After twenty-three years in the home, in 1983 Maude decided it was time to sell. Daniel and Jane Duhl were the buyers. Daniel, a textile engineer and a legend in the textile industry, first gained fame in the 1960s by developing a casement drapery fabric that didn’t droop and went on to develop a non drooping fabric slat for shades. As an engineer, he had deep appreciation of Wright’s work and he and his wife set about a total restoration of the property, for which an award for preservation from the American Institute of Architects of Hampton Roads was bestowed. During the restoration, the Duhls added air conditioning to preserve the house from humidity when closed, and a 14-foot swim-spa was installed in a stepped down terrace. To hide the pool’s mechanical equipment, they built a large underground bunker into a dune which housed the equipment as well as a sauna and gym. The also added two docks on the lake; one a floating dock for small boats and a large dock that can accommodate two large yachts. In addition to these amenities, the house also has a double carport and a servant’s suite.
9. Tracy Residence 1955
Physical Address: 18971 Edgecliff Drive SW, Normandy Park, Wash.
BR: 3 BA: 1 SqFt: 1,120
URL (with http): http://www.windermere.com/listing/WA/Normandy-Park/18971-Edgecliff-Dr-Sw-98166/11224509
Listing Agent: Dustin Keeth
Phone: (206) 244-5900
When Bill and Elizabeth Tracy moved to Seattle to establish their home in the early 1950s, they first found a forested lot on a high bank over Puget Sound with breathtaking views over the water to the snow-capped Olympic Mountains. Bill had previously studied architecture, but became an engineer and Elizabeth had studied art with the owners of Wright’s Goetsch-Winckler House and had visited the home on occasion. When it was time to devise plans for their Seattle lot, they turned to a former Wright apprentice, Milton Stricker. However, when Stricker saw the lot, he said it was so magnificent that it deserved to be designed by Wright himself. He therefore wrote an introduction to Wright and the rest is history.
The house is considered a Usonian Automatic, where a custom block system was utilized. The Tracys decided to cast the blocks themselves in order to save money, and after work each day, came home to cast two sets of blocks. On weekends, they would take off and explore the Seattle area. They continued this routine until they had cast 1,700 blocks. At this point, they hired contractor Ray Brandes, who had recently completed his own Wright home. After they moved in, they made a commitment to maintain the house perfectly over the years. Today the house has been so well maintained that the home and its location have been much published and loved by Wright aficionados. The buyer of this home will receive copies of all correspondence between the Tracys and Wright as well as photos of the construction process and a DVD of the Tracys discussing details about the building.
10. Duncan House (1957)
Physical Address: 1 Usonian Drive, Acme, Pa.
Price: $299 per night
BR: 3 BA: 2 SqFt:
URL (with http): http://www.polymathpark.com/
Listing Agent: contact Tom Papinchak
In the 1950s, Frank Lloyd Wright was refining his Usonian concept of affordable good design for the average man. During this time he had a series of eleven prefab houses constructed by a Wisconsin builder, Marshall Erdman. These homes were constructed on lots of the buyers. The prefab package contained all the major structural components, interior and exterior walls, floors, windows and doors, as well as cabinets and woodwork. The buyer had to provide the foundation, the plumbing fixtures, heating units, electric wiring, and drywall, plus the paint. Before the buyer could purchase the house, he or she had to submit a topographic map and photos of the lot to Wright in order for him to optimally position the house. If Wright agreed that the finished product had been completed as planned, he would allow his red glazed signature tile to be installed on an exterior wall. With the exception of one on Lighthouse Hill in Staten Island, New York, all of the houses in this series of prefabs has either been moved, as in the case of the Duncan House, or has been lost to neglect.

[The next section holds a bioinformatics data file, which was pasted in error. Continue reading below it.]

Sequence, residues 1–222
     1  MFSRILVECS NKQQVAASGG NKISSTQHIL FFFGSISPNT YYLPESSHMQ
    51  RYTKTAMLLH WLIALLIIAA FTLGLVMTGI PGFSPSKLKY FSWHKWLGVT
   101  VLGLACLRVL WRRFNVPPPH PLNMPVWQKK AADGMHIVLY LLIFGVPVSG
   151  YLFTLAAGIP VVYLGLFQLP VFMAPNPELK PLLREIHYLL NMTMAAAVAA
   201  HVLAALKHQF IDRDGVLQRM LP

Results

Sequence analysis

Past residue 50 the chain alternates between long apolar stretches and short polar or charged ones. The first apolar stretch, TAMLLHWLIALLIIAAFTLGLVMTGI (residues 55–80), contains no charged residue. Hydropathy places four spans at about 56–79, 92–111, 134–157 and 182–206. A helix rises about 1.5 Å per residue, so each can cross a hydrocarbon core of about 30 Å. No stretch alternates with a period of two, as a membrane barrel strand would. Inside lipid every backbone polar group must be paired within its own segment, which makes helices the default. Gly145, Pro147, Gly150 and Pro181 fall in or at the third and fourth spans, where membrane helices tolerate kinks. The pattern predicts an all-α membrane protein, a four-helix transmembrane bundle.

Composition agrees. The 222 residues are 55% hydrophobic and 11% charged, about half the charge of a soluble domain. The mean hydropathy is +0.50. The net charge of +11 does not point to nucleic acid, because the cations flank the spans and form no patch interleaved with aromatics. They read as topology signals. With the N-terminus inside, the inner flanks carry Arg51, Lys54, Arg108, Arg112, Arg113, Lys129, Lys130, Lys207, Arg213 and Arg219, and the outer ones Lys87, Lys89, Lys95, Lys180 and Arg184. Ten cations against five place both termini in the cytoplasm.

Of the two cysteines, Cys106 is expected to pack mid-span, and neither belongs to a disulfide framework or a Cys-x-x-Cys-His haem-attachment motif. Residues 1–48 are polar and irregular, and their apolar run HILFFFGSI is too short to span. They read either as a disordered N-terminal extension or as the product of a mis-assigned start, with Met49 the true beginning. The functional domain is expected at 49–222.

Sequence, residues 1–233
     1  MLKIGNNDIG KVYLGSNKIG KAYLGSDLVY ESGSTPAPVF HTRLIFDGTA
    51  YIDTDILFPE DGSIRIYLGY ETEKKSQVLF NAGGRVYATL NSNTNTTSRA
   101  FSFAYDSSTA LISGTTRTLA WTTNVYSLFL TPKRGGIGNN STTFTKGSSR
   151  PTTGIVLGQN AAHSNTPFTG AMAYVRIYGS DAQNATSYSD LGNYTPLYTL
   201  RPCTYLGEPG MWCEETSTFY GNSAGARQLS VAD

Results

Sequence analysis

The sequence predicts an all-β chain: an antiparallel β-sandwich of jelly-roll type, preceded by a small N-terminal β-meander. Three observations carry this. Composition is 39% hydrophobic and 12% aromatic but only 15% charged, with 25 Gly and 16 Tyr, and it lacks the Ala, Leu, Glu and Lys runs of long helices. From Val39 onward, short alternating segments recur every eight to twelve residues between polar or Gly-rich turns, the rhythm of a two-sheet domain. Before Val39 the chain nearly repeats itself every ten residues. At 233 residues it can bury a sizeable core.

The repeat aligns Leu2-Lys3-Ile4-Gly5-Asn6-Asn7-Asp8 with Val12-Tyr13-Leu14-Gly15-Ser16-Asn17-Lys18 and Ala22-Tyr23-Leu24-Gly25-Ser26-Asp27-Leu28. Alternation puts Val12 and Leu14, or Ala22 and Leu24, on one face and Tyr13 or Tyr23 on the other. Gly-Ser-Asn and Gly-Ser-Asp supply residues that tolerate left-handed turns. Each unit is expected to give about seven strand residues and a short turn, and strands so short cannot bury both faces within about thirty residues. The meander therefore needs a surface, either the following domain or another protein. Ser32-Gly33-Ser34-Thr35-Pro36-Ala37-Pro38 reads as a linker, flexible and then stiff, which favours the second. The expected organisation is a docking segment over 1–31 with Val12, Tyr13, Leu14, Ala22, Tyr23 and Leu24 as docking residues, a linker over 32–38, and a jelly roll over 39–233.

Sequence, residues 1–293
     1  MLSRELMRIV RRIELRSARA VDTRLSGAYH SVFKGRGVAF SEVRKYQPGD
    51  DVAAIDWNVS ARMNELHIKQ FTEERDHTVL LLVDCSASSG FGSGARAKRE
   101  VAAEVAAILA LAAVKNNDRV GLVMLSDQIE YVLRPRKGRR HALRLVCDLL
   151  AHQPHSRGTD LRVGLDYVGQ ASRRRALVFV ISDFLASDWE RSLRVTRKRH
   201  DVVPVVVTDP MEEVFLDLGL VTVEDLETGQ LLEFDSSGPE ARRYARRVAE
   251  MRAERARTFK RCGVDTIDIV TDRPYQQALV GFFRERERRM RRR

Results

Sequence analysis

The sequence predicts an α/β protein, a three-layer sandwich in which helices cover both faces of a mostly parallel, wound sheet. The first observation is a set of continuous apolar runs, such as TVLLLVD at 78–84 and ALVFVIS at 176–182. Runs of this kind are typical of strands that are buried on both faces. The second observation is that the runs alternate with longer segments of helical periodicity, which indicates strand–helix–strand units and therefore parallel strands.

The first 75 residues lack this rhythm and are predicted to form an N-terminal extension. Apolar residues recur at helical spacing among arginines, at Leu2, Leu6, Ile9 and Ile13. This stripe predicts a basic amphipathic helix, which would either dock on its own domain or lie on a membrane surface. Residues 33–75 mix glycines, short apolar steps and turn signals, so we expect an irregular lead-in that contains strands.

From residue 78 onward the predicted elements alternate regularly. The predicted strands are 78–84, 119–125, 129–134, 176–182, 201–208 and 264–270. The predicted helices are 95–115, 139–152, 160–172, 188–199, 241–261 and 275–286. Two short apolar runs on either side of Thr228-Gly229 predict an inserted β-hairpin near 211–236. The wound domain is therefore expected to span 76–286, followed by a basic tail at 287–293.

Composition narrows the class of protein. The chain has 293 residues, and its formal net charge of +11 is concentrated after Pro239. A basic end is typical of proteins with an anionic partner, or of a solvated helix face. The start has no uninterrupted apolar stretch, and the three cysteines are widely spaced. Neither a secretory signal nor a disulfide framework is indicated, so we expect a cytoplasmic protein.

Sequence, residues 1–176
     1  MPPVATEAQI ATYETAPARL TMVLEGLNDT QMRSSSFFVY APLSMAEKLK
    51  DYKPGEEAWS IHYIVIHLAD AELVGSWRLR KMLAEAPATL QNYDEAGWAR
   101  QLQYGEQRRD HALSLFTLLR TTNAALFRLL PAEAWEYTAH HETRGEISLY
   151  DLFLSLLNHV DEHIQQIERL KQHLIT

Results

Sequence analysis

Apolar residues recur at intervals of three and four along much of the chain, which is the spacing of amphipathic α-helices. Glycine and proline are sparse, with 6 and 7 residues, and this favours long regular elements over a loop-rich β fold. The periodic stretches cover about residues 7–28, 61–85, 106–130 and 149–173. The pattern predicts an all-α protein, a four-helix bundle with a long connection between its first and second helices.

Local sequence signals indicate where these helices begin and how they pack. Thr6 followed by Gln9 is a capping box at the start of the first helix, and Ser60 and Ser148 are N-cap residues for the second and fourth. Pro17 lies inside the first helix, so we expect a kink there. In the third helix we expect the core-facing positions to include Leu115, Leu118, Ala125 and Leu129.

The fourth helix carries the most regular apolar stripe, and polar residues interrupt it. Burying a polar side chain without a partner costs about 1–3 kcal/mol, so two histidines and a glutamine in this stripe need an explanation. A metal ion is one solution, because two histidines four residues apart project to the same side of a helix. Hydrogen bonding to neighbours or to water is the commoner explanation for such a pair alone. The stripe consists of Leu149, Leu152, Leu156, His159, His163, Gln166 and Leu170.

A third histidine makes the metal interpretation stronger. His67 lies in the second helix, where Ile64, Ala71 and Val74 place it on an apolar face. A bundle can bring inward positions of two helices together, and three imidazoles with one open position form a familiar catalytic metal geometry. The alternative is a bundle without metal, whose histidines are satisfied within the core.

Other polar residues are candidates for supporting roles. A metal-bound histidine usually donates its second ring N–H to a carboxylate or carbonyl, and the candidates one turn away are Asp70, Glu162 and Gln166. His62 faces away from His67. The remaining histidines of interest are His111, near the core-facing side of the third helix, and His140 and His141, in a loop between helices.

In December of 1956 the artistically inclined wife of electrical engineer, Donald Duncan, happened to be looking through an issue of House and Home magazine. She saw the article about the prefab Usonian project, which prompted the Duncans to build one in their home town of Lisle, IL. Years later after Duncan died at age 95 in 2002, the house became run down. It was dismantled in 2004 and moved to Polymath Park in Pennsylvania. It took a year to restore it inch by inch to its original glory.
Polymath Park is a 125-acre tract of woodland owned by Tom Papinchak. It is a non-profit organization run by the Usonian Preservation Corporation. It is comprised of three homes, the Duncan House by Wright and two others by one of the original Wright apprentices, Peter Berndtson. The park rents out each of the homes for a minimum of a two-night stay for those desiring to experience Wright up close and leisurely immerse themselves in architectural history. Proceeds from the rentals go to the upkeep of the houses and educational programs on architecture.
Those who have stayed there were notably impressed by the way they can stand in any interior location and the space and oblique angles are in perfect combination and repetition to create a balanced whole. Polymath Park is only 15 miles from Wright’s masterful design, Fallingwater and his mountain house, Kentuck Knob.